Rep. Miller-Meeks keeps taking credit for funding she voted against

Rep. Miller-Meeks keeps taking credit for funding she voted against

US Rep. Mariannette Miller-Meeks visits a lock and dam system along the Mississippi River. Miller-Meeks voted against a bill to fund the modernization of locks and dams on the Mississippi River in her district, but still claimed credit for the project. (Photo from Miller-Meeks' official Twitter account)

By Isabel Soisson

June 14, 2024

Rep. Mariannette Miller-Meeks has publicly touted the roughly $470 million in infrastructure funding that’s been promised to her district, even though she voted against the passage of the Bipartisan Infrastructure Bill, which is providing the funding. 

Nearly three years after she voted against President Biden’s Bipartisan Infrastructure Law, Congresswoman Mariannette Miller-Meeks of Iowa’s 1st Congressional District continues to take credit for the bill and the money it’s delivering to her district.

Overall, only 13 House GOP lawmakers voted for the 2021 law to fund rails, bridges, roads, and more nationwide. These lawmakers faced threats and ferocious criticism from the right, and from former president Donald Trump himself, who said they should be “ashamed of themselves.” 

Although the vast majority of Republicans claim that the bill’s price tag was the reason they voted against it, it is widely believed that many of them simply didn’t want President Joe Biden to get a win.

But now, it’s Miller-Meeks’ own district that is winning, as it’s been promised nearly $470 million in investments from the infrastructure law, despite her vote against it.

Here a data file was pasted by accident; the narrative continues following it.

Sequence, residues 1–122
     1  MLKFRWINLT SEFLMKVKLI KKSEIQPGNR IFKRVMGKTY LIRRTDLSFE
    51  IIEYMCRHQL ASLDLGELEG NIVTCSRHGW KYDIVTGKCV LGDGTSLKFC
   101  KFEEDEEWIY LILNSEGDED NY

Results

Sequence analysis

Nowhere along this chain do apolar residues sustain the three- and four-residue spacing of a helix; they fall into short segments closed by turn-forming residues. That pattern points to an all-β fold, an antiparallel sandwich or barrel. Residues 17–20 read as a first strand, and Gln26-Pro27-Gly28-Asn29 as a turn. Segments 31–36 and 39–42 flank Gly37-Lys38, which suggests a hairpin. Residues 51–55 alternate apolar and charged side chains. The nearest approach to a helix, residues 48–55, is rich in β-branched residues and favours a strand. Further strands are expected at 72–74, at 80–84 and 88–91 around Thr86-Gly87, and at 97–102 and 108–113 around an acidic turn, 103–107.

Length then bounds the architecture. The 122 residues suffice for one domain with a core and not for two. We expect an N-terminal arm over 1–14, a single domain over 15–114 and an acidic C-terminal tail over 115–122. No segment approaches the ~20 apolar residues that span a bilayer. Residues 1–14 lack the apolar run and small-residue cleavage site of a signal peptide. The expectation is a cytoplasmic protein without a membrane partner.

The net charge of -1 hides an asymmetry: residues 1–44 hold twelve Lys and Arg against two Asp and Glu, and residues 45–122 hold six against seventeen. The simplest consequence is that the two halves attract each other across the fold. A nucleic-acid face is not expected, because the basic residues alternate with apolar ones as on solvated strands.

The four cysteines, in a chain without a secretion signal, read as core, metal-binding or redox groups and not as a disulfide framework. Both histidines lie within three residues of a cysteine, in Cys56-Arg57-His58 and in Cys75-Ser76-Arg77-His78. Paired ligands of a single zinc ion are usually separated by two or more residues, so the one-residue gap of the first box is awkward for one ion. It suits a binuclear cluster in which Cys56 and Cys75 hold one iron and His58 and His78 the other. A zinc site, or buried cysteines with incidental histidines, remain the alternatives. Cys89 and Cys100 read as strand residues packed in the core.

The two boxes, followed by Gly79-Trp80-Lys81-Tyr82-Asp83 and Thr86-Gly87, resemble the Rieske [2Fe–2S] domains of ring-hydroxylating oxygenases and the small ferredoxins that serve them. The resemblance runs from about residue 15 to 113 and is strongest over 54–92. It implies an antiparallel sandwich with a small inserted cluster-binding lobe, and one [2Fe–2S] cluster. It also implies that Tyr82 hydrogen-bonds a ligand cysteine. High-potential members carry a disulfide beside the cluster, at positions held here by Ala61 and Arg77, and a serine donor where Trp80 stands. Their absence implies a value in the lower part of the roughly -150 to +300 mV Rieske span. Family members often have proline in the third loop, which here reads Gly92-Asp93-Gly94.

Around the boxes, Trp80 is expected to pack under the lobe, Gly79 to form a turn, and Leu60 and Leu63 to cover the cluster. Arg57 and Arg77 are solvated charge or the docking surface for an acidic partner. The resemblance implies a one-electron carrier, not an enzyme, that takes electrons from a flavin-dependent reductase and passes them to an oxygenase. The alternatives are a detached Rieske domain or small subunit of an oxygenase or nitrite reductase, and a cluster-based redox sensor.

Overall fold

POLITICO this week even highlighted how her district is actually receiving the most help of all from Biden’s investments among swing districts held by Republicans seen as “toss-up” races.

Miller-Meeks publicly touted that money over and over again, attending a ribbon cutting for a key highway interchange, for example, and stressing the importance of the modernization of locks and dams on the Mississippi River in her district. She called them “critically important” to Iowa’s economy and thanked the Army Corps of Engineers for their work.

“We all agree that the country is in a dire need of a clean transportation bill that addresses failing infrastructure. The bill would have had large bipartisan support had Republicans been allowed to be engaged in the process and if it was not vastly overloaded with pet projects,” Miller-Meeks said in a statement to POLITICO.

“Although I was unable to support the massive partisan legislation as a responsible steward of taxpayer dollars, I do support Community Funding Projects, which goes through regular Appropriations Committee order with bipartisan input,” Miller-Meeks added. “I will always fight to ethically bring federal dollars back to my district.”

Democratic Congressional Campaign Committee spokesperson Mallory Payne criticized Miller-Meeks hypocrisy in a statement.

“Mariannette Miller-Meeks is doing what she does best – trying to mislead Iowans,” she said. “Her record has only hurt middle class families, so her solution is to take credit for game-changing, job-creating investments that she voted against.”

The Infrastructure Investment and Jobs Act (IIJA) isn’t the only major piece of legislation Miller-Meeks has voted against.

She—along with every other Republican in Congress—also voted against passage of the Inflation Reduction Act, which represented the largest-ever investment in fighting climate change, lowered health care and prescription drug costs, raised taxes on corporations, and boosted funding for the Internal Revenue Service to go after wealthy tax cheats.

Additionally, she voted against the American Rescue Plan, which helped Americans financially through the pandemic, and against the Creating Helpful Incentives to Produce Semiconductors (CHIPS) and Science Act, which is intended to lure microchip manufacturing back to the US after decades of companies offshoring the technology.

  • Isabel Soisson

    Isabel Soisson is a multimedia journalist who has worked at WPMT FOX43 TV in Harrisburg, along with serving various roles at CNBC, NBC News, Philadelphia Magazine, and Philadelphia Style Magazine.

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